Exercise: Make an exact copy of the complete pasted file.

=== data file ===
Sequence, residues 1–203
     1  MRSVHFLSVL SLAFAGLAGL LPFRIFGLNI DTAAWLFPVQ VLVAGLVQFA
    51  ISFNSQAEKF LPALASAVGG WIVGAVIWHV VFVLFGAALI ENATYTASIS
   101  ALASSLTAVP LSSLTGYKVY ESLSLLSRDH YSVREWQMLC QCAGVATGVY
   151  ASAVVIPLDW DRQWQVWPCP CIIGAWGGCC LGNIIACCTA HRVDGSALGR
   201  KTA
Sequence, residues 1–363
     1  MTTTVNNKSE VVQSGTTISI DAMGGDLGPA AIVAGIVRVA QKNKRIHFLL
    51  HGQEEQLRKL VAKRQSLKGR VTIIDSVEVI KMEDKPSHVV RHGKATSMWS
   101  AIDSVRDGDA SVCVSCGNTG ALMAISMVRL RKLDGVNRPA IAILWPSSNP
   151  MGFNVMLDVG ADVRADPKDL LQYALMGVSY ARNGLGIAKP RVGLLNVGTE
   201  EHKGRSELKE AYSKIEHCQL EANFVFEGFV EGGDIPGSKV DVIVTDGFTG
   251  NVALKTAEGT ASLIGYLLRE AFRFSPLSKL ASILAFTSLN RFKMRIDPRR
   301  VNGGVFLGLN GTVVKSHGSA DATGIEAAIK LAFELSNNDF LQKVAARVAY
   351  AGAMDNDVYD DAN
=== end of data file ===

Sequence, residues 1–203
     1  MRSVHFLSVL SLAFAGLAGL LPFRIFGLNI DTAAWLFPVQ VLVAGLVQFA
    51  ISFNSQAEKF LPALASAVGG WIVGAVIWHV VFVLFGAALI ENATYTASIS
   101  ALASSLTAVP LSSLTGYKVY ESLSLLSRDH YSVREWQMLC QCAGVATGVY
   151  ASAVVIPLDW DRQWQVWPCP CIIGAWGGCC LGNIIACCTA HRVDGSALGR
   201  KTA
Sequence, residues 1–363
     1  MTTTVNNKSE VVQSGTTISI DAMGGDLGPA AIVAGIVRVA QKNKRIHFLL
    51  HGQEEQLRKL VAKRQSLKGR VTIIDSVEVI KMEDKPSHVV RHGKATSMWS
   101  AIDSVRDGDA SVCVSCGNTG ALMAISMVRL RKLDGVNRPA IAILWPSSNP
   151  MGFNVMLDVG ADVRADPKDL LQYALMGVSY ARNGLGIAKP RVGLLNVGTE
   201  EHKGRSELKE AYSKIEHCQL EANFVFEGFV EGGDIPGSKV DVIVTDGFTG
   251  NVALKTAEGT ASLIGYLLRE AFRFSPLSKL ASILAFTSLN RFKMRIDPRR
   301  VNGGVFLGLN GTVVKSHGSA DATGIEAAIK LAFELSNNDF LQKVAARVAY
   351  AGAMDNDVYD DAN